In this experiment, a double-sensor two-phase void meter was used as the phase identifier for the two-phase mixture. The conductivity double-sensor two-phase void meter was first proposed by Neal and Bankoff . The double-sensor electrodes consist of two exposed tips, a front sensor and a rear sensor, besides an electrically insulated metal wire and work independently. By considering the fundamental difference in the conductivity between water and air, the circuit is closed when the sensor is in the liquid and is opened when the sensor is in contact with air. The voltage drop across the sensor fluctuates between two reference voltages when the circuit is opened and closed. The information recorded from each signal includes the number of bubbles that strike the sensor, the time that the sensor is exposed to the gas phase, the relative time between the bubble striking the front and rear sensor, and the total sampling time. This information is used to calculate the local two-phase flow parameters: namely, the void fraction, the bubble diameter, the interfacial velocity, and the interfacial area concentration.
The conductivity double-sensor two-phase void meter is mounted at a height of 1.75 m from the bottom of the test section as shown in the Figure 3. The position of the L-shape sensor tip in the radial direction is controlled by a micrometer attached onto the sensor. The output voltage of two-phase identification signal is obtained for 2 s at a 50-kHz sampling frequency. Three times of measurement were conducted at a total of 15 points from the center to the tube inner wall, and the averaged value at each point was used for the analysis. In this study, the same type of a conductivity double-sensor two-phase void meter which was used by Walter  was installed and the measurement uncertainty of the void meter is estimated to have a maximum value of 10.5%.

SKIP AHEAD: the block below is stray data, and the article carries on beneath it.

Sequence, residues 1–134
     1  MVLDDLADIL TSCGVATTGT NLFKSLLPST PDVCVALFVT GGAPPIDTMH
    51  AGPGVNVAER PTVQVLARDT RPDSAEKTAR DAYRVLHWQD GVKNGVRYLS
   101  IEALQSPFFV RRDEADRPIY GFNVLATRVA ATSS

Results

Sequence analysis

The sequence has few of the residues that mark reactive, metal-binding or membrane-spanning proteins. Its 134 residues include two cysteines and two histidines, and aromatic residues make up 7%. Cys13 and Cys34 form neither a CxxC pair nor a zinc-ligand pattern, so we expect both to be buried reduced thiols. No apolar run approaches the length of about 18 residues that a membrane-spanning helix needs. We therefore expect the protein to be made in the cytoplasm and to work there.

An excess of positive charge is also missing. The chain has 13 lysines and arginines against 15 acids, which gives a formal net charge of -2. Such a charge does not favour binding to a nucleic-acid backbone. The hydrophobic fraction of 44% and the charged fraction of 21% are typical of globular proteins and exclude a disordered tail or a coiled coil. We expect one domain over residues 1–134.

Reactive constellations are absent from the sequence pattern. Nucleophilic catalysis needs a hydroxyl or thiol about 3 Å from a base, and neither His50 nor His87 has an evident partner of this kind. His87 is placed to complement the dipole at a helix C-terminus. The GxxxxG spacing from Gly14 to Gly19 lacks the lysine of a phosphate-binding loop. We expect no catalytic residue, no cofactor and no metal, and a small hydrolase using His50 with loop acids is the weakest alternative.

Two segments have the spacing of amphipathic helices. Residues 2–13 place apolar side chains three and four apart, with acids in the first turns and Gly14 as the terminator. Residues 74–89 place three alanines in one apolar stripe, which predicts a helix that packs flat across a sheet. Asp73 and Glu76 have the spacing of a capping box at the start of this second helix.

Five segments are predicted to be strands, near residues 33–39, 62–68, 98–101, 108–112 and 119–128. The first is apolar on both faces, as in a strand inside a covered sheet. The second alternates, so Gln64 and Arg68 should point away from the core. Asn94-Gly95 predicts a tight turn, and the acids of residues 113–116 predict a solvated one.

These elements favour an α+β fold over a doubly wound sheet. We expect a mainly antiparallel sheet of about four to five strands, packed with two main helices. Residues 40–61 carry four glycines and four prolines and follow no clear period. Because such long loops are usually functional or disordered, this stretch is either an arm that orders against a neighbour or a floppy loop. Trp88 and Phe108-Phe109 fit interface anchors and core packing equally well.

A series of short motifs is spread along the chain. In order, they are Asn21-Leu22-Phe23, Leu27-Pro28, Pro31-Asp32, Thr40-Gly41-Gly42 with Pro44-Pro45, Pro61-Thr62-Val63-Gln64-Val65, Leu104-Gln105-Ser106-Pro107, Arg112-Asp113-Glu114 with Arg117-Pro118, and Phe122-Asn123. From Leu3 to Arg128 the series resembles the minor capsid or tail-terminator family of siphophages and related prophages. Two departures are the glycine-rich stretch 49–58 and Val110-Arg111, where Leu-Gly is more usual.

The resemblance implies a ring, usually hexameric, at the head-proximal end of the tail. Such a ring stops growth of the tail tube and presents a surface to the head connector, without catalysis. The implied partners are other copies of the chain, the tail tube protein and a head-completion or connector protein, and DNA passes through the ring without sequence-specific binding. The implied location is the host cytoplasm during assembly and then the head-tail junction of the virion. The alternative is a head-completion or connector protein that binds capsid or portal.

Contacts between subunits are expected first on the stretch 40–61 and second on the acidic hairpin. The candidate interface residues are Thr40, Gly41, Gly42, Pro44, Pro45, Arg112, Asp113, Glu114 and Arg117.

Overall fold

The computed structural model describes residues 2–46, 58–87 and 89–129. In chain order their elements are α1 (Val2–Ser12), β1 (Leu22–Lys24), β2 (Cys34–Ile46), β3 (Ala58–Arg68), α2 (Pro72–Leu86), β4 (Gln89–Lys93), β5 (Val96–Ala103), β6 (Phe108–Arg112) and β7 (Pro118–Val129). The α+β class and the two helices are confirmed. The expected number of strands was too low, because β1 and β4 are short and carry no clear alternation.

Figure 3. Mounting the conductivity double-sensor two-phase void meter on the test section.
In this study, the bubbly flow regime and the slug flow regime were investigated. The flow regime map proposed by Mishima and Ishii  was used to identify each flow regime. As shown in Table 1, a total of 13 flow conditions for the bubbly and slug flow regimes were selected with proper superficial velocities.
Table 1. Test cases for the local two-phase flow measurement